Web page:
With his manager still in limbo, Orioles hitting coach Rick Down interviewed last night for a second time with the expansion Tampa Bay Devil Rays and is one of five managerial candidates still under consideration.
The Devil Rays hope to announce the survivor this weekend after the other finalists -- Cleveland Indians scout Ted Simmons, Detroit Tigers bench coach Larry Parrish, Florida Marlins pitching coach Larry Rothschild and Marlins bench coach Jerry Manuel -- complete the interview process.
None of the finalists has major-league managing experience. Only Down, Parrish and Manuel have managed at any level.
"It's one of the few times that I've been involved in the process when my baseball credentials were as good if not better than anybody else's. I feel good about that," said Down, who met for nearly two hours with Devil Rays owner Vince Naimoli and general manager Chuck LaMar.
Down makes no apology for the enthusiasm he brings to the process. While Simmons and Parrish are considered favorites, Down was described by a club official as the "wild-card" entry and made a strong impression on Naimoli.
Down also has connections with the start-up franchise. As vice president of player development and scouting with the New York Yankees, Devil Rays director of player development Bill Livsey oversaw Down's work when he managed Columbus to three consecutive first-place finishes in the International League.
Down has been close before, however. He was the choice of Anaheim Angels general manager Bill Bavasi last winter only to be vetoed by executives at parent Walt Disney Co.
Down also is seen as a possible successor to Davey Johnson should Orioles majority owner Peter Angelos ultimately decide to make a change. Johnson left his Winter Park, Fla., home Sunday night for a fishing vacation. It is unclear when he will next speak with Angelos.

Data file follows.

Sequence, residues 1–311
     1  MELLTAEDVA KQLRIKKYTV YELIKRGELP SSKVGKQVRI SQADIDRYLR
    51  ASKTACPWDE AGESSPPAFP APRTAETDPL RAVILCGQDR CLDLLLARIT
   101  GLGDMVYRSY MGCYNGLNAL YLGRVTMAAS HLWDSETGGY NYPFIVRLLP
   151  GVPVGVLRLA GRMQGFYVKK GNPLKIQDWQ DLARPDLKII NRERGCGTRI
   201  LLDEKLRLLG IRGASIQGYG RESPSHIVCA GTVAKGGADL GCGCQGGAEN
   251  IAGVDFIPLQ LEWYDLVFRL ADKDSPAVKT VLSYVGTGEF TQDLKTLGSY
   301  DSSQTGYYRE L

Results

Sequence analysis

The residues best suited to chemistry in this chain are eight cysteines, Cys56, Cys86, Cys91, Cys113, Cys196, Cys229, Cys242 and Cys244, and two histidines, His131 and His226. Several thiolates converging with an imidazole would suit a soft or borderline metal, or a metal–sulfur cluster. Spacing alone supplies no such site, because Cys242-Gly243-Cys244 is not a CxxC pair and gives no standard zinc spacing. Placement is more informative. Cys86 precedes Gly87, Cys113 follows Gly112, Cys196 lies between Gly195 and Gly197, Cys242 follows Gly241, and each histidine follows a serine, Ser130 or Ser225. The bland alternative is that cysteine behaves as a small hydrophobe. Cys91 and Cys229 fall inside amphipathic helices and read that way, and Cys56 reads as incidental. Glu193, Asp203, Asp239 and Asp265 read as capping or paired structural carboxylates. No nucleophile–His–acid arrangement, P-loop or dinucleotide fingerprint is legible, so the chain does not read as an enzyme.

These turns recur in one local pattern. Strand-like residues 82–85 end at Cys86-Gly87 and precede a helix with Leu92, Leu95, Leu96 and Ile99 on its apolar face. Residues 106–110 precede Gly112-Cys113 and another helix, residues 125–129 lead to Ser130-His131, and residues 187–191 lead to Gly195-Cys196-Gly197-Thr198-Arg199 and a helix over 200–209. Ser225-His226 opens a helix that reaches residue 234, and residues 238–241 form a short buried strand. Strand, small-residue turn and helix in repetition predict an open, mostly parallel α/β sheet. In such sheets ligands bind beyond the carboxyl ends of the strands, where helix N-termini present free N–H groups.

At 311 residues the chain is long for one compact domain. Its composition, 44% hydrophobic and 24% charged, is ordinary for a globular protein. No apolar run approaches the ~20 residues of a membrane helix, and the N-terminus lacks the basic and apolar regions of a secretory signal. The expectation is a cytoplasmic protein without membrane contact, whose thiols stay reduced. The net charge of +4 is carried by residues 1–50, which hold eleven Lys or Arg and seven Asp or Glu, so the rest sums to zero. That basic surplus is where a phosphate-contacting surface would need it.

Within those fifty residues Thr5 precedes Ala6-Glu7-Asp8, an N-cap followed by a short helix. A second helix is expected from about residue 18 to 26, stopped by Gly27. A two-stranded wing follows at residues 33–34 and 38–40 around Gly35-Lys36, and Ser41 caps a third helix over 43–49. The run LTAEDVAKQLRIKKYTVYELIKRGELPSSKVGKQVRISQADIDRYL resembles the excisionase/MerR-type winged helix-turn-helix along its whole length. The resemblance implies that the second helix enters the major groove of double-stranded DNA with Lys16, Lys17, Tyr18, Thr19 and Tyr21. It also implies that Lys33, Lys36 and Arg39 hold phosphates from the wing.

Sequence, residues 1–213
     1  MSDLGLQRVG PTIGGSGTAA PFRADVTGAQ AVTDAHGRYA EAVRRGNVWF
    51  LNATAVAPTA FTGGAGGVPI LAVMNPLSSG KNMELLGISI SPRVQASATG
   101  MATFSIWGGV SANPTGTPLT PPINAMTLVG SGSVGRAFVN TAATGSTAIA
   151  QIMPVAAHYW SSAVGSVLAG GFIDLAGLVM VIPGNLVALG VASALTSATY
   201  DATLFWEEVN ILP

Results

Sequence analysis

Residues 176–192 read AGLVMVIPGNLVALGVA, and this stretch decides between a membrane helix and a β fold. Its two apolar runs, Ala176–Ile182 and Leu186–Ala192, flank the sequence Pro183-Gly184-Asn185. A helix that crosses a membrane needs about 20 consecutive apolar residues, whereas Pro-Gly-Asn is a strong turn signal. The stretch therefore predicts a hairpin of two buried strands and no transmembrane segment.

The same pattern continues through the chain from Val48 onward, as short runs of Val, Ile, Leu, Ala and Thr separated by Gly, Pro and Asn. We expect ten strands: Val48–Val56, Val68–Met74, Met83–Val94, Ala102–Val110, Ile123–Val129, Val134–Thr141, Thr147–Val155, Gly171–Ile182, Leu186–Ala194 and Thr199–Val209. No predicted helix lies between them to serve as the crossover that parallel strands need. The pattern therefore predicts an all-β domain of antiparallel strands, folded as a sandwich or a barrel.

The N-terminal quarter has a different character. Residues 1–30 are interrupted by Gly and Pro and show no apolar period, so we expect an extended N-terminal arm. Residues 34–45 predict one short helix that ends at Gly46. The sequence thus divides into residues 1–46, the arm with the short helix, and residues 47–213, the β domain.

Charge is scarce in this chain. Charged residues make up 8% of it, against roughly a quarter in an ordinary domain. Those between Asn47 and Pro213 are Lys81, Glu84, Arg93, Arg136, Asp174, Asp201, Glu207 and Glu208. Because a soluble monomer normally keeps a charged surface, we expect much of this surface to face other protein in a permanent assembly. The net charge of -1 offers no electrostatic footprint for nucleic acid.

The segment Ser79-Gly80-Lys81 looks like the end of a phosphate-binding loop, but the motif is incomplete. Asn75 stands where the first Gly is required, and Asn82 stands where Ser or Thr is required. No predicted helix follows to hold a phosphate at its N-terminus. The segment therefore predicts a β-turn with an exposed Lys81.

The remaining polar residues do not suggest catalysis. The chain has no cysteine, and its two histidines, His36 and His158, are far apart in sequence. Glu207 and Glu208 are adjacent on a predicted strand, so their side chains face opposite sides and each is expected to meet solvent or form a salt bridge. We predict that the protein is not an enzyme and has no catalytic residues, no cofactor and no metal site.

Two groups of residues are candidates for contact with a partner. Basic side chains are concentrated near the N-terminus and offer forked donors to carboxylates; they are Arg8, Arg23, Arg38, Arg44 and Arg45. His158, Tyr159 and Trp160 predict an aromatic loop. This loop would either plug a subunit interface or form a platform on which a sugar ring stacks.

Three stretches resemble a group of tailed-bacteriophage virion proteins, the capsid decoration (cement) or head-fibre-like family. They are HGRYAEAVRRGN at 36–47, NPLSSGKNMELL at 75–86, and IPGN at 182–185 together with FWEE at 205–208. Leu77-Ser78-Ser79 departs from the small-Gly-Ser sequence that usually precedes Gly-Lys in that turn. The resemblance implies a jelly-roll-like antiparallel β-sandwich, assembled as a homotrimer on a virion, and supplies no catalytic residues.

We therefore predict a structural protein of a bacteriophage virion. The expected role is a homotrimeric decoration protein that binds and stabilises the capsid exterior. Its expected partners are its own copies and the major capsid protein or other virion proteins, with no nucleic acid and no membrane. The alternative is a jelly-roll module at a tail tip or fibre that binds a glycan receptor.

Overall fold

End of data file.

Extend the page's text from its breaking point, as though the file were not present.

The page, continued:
Club sources say Angelos is preparing a document for Johnson to sign as a condition of returning next season. The document would include a de facto apology by Johnson for his handling of a $10,500 fine assessed second baseman Roberto Alomar. The fine was to be forwarded to a Baltimore charity that lists Johnson's wife, Susan, as a salaried fund-raiser.
While Angelos keeps Johnson waiting, he met yesterday with free-agent outfielder Brady Anderson. Anderson, who left for Europe shortly after the season ended, is scheduled to return there this week and beginning Monday may begin receiving contract offers from other teams. Angelos' last offer to Anderson was $22 million over four years; the center fielder believes the market will offer him at least $7 million a season.
Anderson's agent, Jeff Borris, said yesterday that he is in "utter disbelief" over the sluggish pace of talks between Angelos and his client. Six teams, including the New York Yankees, Los Angeles Dodgers, Arizona Diamondbacks and Atlanta Braves, have expressed interest in Anderson.
Angelos will continue to handle negotiations with Anderson while general manager Pat Gillick apparently will assume talks with the Orioles' other leading free agent, closer Randy Myers.
Pub Date: 11/04/97